Watching brief

Peter Calder at the New Zealand International Film Festival in Auckland

Watching Brief: The drummer speaks

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Levon Helm in  Ain't In It For My Health . Photo / Supplied
Levon Helm in Ain't In It For My Health . Photo / Supplied

It seems faintly obscene to be writing about the pleasures of filmgoing on a morning like this, as Norway comes to terms with the havoc wrought by the most prolific solo mass murderer in recorded history.

That it should have happened in and near the home of the Nobel Peace Prize makes it somehow more poignant. So ... a brief pause to send thoughts northwards seems appropriate.

It looks like we're in for some serious filmgoing weather for the next few days. We can count ourselves lucky that the snow won't keep Aucklanders away from the movies.

After taking it pretty quietly for the first week, I have several three-film days this week, today being the first.

The portrait of The Band's drummer Levon Helm I'm particularly looking forward to, especially since, if my memory serves me well (a rare occurrence), he was the second-to-quietest one (after the virtually mute Garth Hudson) in the interview segments of Scorsese's The Last Waltz more than 30 years ago.

I was always in awe of somebody who could drum and sing at the same time since my sense of rhythm makes it hard for me to walk and chew gum (to paraphrase LBJ on Gerald Ford).

Helm was the only US-born member of that quintessentially American sextet - the rest were Canadians - whose songs spoke so precisely of the Southerner experience. He also took the lion's share of the lead vocals and what vocals they were.

What fewer people may know is that helm is no stranger to the big screen.

He played Loretta Lynn's father opposite Sissy Spacek in Michael Apted's excellent 1980 biopic of the great country singer, Coal Miner's Daughter, and he had an unforgettable mid-chase cameo in the brilliant modern Western The Three Burials of Melquiades Estrada, directed by and starring Tommy Lee Jones.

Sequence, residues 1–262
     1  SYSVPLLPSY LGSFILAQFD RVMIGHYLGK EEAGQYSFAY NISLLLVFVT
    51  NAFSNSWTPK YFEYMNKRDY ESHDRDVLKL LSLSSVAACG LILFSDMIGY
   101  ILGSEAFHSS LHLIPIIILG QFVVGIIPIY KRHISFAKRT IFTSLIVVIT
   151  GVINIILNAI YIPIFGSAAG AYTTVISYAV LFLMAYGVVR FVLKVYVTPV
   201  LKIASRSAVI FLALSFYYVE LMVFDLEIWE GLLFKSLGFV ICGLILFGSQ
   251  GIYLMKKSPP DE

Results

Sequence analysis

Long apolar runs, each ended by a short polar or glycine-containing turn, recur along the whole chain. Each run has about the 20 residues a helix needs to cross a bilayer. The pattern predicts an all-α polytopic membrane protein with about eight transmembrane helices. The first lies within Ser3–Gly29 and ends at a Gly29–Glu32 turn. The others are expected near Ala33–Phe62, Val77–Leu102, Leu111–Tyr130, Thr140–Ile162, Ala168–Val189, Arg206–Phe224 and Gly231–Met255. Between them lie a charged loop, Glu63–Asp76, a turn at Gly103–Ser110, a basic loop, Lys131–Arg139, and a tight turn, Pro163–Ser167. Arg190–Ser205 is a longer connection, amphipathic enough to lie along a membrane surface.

Today's film, Ain't In It For My Health, is at 11am and it plays again on Friday at 6.30pm.

Also irresistible is the short Italian film, Le quattro volte. One American critic remarks that "the film [will] either hypnotise you or drive you stark staring mad". I don't see why you can't have both, and anyway, that sounds like my kind of movie.

The only problem is that it is at the same time as Barbara Sumner Burstyn's interview with Annie Goldson about Brother Number One, which I am sure will be most interesting. These filmmaker talks in the Film Cafe (beneath the Civic) have been a great addition to the programme this year.

Wellington's festival opens this Friday and I see that the opening night attraction is Terence Malick's The Tree of Life. We got Florian Habicht's Love Story. Further proof, if proof were needed, that life is better in the Queen City than the Windy One.

Extra screenings this weekend: How Much Does Your Building Weigh, Mr Foster?, Saturday at 6 and Sunday at 3.45; Being Elmo, Sunday at 2.

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